Written by Jessica Thornton

Last April, we ran a Climate Hackathon in partnership with Ontario’s Ministry of Environment and Climate Change. We experimented by inviting 12 high school students to participate amongst adult participants in the hack. The objective of this experiment was to identify if this would be a good learning environment for the high school students to explore innovation and entrepreneurship competencies. Guess what? One of the high school student teams won third place in the hack!

With 42% of jobs at risk of automation, we know that the future of work is changing. The question is, how do we prepare youth with the skills and experiences needed to adapt to an evolving economy? Ontario’s Highly Skilled Workforce Panel’s recommendations recognize a need to “identify promising ways of teaching students competencies demanded by the evolving economy such as problem solving, teamwork and entrepreneurial spirit.” The York Region District School Board (YRDSB) is on the same page as the Highly Skilled Workforce Panel and have made formal commitments to providing innovation and entrepreneurial learning across the board.

BII+E sees Climate Hack2Action as an opportunity to support partners like the YRDSB in exploring methods for integrating innovation + entrepreneurship learning within the formal education system. We’re hoping to help this committed school board take innovation and entrepreneurial learning beyond the classroom. Through this two-day deep learning experience, 96 students will work alongside policy makers, entrepreneurs and climate change experts to ideate, prototype and present sustainable solutions to climate change. Through collaboration, communication and critical thinking, Climate Hack2Action will provide students with new skills for problem solving – a mandatory skill for our changing workforce.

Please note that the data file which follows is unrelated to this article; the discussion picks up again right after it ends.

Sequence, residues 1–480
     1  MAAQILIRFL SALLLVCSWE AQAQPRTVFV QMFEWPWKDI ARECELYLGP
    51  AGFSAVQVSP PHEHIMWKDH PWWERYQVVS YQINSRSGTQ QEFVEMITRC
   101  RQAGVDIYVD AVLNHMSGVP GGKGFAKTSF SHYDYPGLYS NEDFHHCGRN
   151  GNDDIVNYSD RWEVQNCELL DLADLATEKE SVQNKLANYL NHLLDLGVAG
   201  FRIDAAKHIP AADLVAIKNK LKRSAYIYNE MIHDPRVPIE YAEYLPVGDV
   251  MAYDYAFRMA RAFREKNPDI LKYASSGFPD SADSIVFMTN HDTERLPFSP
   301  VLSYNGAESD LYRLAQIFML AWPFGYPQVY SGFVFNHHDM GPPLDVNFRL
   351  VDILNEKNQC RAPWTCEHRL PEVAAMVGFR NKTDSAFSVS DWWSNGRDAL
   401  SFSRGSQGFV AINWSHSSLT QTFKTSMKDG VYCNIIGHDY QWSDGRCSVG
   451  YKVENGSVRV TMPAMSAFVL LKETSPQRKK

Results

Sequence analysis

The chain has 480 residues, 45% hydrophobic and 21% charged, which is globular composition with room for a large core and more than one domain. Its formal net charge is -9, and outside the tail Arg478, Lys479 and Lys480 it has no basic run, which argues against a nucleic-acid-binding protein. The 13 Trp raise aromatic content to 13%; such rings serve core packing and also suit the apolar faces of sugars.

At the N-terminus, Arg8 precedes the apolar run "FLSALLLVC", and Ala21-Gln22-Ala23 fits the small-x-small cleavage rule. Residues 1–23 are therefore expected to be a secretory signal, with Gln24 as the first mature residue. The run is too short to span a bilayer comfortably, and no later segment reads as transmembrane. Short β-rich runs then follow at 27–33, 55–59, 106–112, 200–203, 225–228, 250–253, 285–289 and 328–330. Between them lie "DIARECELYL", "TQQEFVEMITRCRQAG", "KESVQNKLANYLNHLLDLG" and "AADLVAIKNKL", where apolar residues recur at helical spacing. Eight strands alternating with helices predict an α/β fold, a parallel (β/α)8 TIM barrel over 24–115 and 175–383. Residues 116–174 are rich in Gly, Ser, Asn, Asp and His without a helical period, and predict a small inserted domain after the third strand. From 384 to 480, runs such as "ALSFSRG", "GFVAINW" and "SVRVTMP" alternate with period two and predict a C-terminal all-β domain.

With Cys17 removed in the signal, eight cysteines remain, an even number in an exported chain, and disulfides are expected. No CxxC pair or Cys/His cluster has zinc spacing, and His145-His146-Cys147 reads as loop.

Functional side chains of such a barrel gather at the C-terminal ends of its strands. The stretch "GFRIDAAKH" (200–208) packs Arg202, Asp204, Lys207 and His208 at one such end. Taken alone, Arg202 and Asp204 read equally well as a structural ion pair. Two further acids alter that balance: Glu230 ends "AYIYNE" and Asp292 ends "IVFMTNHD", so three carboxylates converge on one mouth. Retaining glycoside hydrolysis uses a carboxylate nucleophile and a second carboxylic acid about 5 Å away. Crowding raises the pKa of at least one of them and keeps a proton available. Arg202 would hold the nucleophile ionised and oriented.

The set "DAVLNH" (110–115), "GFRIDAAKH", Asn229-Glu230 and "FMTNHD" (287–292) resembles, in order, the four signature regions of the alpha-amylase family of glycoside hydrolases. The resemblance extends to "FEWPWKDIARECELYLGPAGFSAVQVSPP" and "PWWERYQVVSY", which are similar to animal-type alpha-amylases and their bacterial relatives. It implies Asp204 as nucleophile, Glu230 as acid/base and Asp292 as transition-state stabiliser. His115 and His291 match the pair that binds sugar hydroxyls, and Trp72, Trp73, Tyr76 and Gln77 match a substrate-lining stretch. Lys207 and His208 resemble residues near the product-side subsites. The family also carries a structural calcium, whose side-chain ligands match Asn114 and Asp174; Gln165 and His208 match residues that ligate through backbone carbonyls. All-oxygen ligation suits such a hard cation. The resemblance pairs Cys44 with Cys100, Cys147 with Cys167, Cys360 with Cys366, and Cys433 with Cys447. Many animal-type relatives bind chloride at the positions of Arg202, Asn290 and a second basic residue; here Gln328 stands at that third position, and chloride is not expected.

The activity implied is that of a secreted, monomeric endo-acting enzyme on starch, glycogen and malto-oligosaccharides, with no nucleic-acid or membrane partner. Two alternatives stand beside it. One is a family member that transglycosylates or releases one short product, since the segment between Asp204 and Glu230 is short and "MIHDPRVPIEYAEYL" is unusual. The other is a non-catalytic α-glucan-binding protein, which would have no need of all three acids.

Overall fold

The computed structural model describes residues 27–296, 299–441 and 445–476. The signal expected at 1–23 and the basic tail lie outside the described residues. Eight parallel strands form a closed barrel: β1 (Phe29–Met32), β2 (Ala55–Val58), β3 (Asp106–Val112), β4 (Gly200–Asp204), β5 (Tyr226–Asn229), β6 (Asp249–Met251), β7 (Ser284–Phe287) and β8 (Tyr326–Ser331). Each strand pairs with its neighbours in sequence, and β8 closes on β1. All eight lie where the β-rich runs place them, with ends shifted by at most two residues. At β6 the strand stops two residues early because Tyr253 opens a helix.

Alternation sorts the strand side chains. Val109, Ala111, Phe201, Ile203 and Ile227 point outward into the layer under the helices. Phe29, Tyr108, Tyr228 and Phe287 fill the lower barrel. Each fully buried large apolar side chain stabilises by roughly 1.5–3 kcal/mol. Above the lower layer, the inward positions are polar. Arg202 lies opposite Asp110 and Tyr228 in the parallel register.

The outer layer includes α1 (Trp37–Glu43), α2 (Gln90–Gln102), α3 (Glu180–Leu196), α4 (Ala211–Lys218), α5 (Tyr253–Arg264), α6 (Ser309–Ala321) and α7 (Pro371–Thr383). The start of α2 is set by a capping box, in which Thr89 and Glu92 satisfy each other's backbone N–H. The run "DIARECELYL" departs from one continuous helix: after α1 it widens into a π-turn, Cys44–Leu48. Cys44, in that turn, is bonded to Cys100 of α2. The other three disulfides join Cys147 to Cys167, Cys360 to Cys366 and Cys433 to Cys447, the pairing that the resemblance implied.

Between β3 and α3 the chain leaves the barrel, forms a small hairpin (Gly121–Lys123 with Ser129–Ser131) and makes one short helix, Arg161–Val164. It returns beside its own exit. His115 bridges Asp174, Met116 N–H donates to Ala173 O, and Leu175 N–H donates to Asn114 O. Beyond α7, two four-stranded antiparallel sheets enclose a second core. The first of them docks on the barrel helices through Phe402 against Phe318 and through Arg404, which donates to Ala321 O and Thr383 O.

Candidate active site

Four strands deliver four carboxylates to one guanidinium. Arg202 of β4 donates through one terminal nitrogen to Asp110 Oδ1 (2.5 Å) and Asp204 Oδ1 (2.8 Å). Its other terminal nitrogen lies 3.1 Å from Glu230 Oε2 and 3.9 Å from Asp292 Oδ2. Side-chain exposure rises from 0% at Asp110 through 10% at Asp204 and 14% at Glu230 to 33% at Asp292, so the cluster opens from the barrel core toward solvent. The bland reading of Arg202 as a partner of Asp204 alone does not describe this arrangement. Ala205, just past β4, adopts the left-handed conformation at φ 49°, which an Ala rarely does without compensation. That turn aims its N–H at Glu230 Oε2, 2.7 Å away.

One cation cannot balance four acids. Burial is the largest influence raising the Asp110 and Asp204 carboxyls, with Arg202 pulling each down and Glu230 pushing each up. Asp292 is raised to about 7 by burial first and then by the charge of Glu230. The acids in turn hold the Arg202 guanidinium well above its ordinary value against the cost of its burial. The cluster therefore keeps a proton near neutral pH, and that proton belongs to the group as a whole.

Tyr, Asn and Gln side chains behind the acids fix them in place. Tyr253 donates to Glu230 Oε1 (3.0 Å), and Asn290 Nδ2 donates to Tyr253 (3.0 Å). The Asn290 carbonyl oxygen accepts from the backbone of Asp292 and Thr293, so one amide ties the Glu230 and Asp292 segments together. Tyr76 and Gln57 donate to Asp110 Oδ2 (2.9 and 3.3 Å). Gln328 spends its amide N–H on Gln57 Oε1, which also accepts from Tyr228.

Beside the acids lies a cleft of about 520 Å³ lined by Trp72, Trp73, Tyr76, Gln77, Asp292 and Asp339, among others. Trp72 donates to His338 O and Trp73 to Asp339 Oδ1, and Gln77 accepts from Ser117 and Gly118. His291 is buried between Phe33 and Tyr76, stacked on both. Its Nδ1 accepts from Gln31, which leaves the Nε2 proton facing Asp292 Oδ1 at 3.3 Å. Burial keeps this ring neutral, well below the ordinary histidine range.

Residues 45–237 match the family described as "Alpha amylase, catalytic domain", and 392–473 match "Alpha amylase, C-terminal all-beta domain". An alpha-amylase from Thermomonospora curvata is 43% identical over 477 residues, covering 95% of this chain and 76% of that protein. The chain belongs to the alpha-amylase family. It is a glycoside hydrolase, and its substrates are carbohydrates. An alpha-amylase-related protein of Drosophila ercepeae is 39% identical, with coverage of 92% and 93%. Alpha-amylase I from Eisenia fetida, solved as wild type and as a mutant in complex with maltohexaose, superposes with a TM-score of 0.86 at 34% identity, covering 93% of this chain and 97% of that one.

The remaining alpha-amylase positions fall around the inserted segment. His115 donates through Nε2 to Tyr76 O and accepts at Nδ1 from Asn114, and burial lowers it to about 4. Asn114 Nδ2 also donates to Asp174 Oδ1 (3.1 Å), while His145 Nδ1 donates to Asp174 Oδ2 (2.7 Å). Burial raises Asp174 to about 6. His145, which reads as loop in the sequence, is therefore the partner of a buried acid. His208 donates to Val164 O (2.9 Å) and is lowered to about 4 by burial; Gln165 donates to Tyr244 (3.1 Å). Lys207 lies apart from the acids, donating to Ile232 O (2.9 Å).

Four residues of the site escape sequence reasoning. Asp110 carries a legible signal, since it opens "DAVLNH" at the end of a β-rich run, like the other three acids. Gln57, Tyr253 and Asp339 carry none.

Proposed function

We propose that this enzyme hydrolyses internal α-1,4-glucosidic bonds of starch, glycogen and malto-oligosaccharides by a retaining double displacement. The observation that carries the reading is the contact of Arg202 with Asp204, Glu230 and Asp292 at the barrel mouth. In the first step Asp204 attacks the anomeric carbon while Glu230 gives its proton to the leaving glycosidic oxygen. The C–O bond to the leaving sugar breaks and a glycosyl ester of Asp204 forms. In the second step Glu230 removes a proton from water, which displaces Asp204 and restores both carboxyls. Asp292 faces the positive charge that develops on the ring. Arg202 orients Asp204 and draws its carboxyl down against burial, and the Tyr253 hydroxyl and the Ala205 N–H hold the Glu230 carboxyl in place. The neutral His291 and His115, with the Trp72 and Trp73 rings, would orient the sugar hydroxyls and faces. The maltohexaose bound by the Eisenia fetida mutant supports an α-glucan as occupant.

To ensure this event impacts the broader education system, we brought Rotman’s I-Think Initiative to the table. It is led by one of BII+E’s Fellows, Josie Fung who will run teacher training alongside the student hackathon, with a focus on design thinking and integrative thinking. Simultaneously, we’ve been working with the YRDSB to explore ways to support teachers and even students who wish to organize a future challenge event at their school.

Post-hack, five student teams will move on to the next round, a pitch competition at the YRDSB’s Professional Development Conference, Quest. Teams selected by a panel of judges will receive entrance to Launch Zone’s Summer Basecamp or Innovation York’s Start Up Weekend.

At BII+E, we’re thrilled to have been able to make this happen, and admittedly it’s not solely about the hackathon for us. We’re doing this also because this board-wide hackathon has provided a platform for critical conversations about innovation learning within the school system. We believe this partnership will instigate important conversations among parents, teachers, policymakers and administrators alike. It will provoke questions such as: how do we engage entrepreneurs in the school? How do we support students from different schools to collaborate and explore ideas via online platforms? And perhaps my favourite, how do establish broader support for these types of learning interventions?

I’d be lying if I said planning has been a smooth process – anyone who has ever worked with the education system will appreciate how complicated it has been to pull off this board-wide initiative. But luckily, we’ve been working with a great team at the YRDSB, and a champion named Deneena Davis, who have all worked tirelessly to make this happen. It’s encouraging to see such dedication from a school board in exploring ways to connect students with the skills they need to thrive in our changing economy.

Follow #Hack2Action on November 3 – 4 and 18 for updates on this exciting partnership between YRDSB and BII+E.